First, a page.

April 17th, 2022
United Palace, NY
“Yankee. Hotel. Foxtrot. Yankee. Hotel. Foxtrot.”
Jeff Tweedy stands at a vintage radio player on the corner of the stage. He flips a switch, and overhead we hear a static call. Over and over again, the title of Wilco’s defining album crackles across the airwaves at United Palace Theatre in Washington Heights. Meanwhile, Jeff ducks back behind the towering red velvet curtains on stage. The radio cuts out, and the curtains part to reveal the band scattered across the stage, leaving plenty of room for the music to flow forward and the lyrics to linger.
The night is a lovely celebration of their album Yankee Hotel Foxtrot, now celebrating its 20th anniversary. Wilco opens the show alongside the night’s opener, the Aizuri Quartet. “Getting to play with them… it’s not an accident.” Jeff later tells us.
‘I Am Trying to Break Your Heart’ plays, and it is monumental. The number is only enhanced by the Quartet, who can pluck at your heartstrings just as well as they can pluck at their instruments. Each member of Wilco seems to remember the music and feelings just as well as they did when the album was first released in 2001.
Jeff performs in a rather understated manner, letting the lyrics and music speak for themself. He is reserved but confident and demands the attention of the room as he delivers the lyrics. Wilco pulled out all the stops for the live instrumentation of such a highly produced album. The band has supplied all the whirring, buzzing, and clashes that you would find on the studio version, as well as a few extras thanks to the live brass and orchestra section behind the band.
The song ends, and a man emerges from off stage to hand Jeff a new guitar. This happens at nearly every song’s ending, allowing the concert to flow largely without breaks, emulating the album just as you might listen to it through your own speakers.
Each member is playing their part meticulously, giving the songs their full attention. It is a pure performance devoted entirely to the acclaimed album Yankee Hotel Foxtrot. When Jeff looks into the crowd, his eyes seem to be searching. It isn’t clear if it is for a certain memory, a certain feeling, or perhaps just a stage queue. Whatever it is, it adds sincerity to his lyrics, which frequently are full of very human moments.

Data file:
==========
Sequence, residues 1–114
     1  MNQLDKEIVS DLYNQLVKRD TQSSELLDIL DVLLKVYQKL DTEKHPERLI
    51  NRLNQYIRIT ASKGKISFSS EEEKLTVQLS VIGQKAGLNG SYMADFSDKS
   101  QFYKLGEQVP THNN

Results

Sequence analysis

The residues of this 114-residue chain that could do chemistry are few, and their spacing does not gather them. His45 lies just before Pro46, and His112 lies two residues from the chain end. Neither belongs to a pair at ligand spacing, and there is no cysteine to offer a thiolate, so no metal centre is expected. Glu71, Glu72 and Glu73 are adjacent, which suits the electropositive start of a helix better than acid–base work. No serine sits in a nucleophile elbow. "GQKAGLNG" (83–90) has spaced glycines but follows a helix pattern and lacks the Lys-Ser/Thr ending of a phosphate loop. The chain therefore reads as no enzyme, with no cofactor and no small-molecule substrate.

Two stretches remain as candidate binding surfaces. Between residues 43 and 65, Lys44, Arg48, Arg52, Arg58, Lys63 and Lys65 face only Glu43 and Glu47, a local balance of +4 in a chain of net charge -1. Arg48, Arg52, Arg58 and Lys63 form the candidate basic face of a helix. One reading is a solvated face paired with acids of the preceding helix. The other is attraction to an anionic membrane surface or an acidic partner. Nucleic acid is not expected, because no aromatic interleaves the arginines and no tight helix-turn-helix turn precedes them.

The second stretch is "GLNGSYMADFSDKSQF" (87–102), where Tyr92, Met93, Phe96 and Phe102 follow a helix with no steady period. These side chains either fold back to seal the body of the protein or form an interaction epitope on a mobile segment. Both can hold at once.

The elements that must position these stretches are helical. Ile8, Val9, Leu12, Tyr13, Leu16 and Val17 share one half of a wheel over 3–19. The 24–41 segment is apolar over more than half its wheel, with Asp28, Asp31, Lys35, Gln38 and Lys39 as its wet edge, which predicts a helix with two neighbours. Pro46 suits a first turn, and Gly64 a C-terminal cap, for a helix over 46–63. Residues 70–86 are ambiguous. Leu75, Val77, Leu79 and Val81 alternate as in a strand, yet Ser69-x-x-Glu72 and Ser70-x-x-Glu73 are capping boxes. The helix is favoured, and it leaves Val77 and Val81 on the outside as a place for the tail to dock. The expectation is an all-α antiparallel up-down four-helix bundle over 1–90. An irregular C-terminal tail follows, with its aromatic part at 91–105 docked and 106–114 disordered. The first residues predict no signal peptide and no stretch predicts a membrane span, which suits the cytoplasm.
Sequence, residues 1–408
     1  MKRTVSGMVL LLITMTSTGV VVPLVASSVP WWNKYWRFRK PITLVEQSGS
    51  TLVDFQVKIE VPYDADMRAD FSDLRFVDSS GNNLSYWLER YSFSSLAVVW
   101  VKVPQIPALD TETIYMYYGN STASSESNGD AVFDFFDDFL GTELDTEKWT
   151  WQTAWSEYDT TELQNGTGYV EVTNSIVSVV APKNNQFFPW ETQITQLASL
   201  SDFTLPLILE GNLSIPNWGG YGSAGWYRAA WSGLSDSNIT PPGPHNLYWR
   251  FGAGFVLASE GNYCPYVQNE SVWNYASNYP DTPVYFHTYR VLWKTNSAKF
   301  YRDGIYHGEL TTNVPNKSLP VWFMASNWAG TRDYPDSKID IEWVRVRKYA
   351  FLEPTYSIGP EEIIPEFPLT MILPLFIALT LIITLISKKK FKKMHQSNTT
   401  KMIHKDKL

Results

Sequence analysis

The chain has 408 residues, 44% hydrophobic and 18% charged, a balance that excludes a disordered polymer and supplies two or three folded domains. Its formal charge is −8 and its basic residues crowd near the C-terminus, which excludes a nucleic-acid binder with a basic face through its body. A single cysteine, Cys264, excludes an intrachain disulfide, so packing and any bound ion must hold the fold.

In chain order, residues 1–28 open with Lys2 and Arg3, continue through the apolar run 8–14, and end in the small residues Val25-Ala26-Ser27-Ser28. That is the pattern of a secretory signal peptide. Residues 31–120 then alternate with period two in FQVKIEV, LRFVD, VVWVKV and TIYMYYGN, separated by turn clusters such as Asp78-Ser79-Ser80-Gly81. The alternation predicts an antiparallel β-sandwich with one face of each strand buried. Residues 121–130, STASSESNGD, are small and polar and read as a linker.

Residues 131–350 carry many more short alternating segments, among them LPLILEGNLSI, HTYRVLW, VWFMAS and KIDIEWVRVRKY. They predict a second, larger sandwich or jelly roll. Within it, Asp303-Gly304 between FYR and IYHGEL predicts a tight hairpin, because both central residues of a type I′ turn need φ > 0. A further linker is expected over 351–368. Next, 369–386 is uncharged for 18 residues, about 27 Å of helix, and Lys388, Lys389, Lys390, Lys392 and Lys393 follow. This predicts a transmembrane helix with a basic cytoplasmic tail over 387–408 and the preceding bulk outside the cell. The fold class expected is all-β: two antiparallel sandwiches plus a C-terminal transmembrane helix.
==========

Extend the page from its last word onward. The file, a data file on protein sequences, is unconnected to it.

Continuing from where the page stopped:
He shows parts of the ubiquitous longing to make oneself the best, the heavy and battered parts of oneself that we all wish we could shed and leave in the past, and the search to find the other half, the solve-all-problems person that will make you whole. In a theater full of velvet-lined seats, the audience stands to applaud, dance, and simply enjoy the world that Wilco has created for the night.
“I’ve reservations about so many things, but not about you,” are the last lyrics sung before the band bows and exits. The entire crowd gives a two-minute standing ovation to the empty stage, now littered with amps and the instruments that ushered them through the night.
Soon after the metronome of clapping, the band returns to an uproar of applause. “Thank you so much for being a part of that.” Jeff begins, taken back by the praises being sung. “That is just so sweet, thank you. We had some help; you may have noticed. I won’t go through the whole thing I said last night, but okay, I’ll tell you this much…”
“Thank you to the Aizuri Quartet. I’ve been wanting to do something to present these shows that reflected how we were feeling at the time we were making this record, and a lot of what Aizuri Quartet does is the type of beauty and creativity, and inspiration that we were striving for and that is what it represents to us. It is so exciting.”
Each member gets their own moment in the spotlight, getting woops and cheers from the crowd as Jeff introduces them and celebrates how important they were to this whole experience. He waits until the end to announce their drummer, Glenn Kotche.
“Glenn came in while we were in the middle while we were making this record. The first day in this band was the first day of cameras being there into film ‘I Am Trying To Break Your Heart.’ Needless to say, I think Glenn has transformed the record, and he has transformed my life.” Glenn bashfully bats off the compliments.
“We want to keep in the spirit of this record, we are trying to do songs that were meaningful to us and related to us in this record somehow. Here is a song by Bill Fay that we learned sometime around this record.” The encore begins with the song ‘Be Not So Fearful.’ The band and the quartet balance each other and cover the song with a lot of emotional depth and a great reverence for the song.
The encore continues long into the night. Next up: ‘Pieholden Suite’ and ‘Cars Can’t Escape,’ which leads to a brief salsa-style interlude into ‘A Magazine Called Sunset.’ Then is ‘Humming Bird,’ and before playing the next song Jeff says “This is maybe the deepest cut of all time. It should have been a hit. This is one of the songs we sent to Warner Brothers Records, and they said ‘It gets worse every time. Every time you send something new, it gets worse.’” ‘The Good Part’ begins.
Jeff jokes that this is the good part. “Isn’t it?” The band plays ‘I Got You (At the End of the Century)’ and then closes the set honoring their LP (damned be to Warner Brothers) with ‘Outtasite (Outta Mind).’
“I know where I’ll be tonight, alright. Outta mind, outta site,” he sings. The night ends as each member who crafted an album, still influential 20 years later, takes their bow and leaves the stage one last time.
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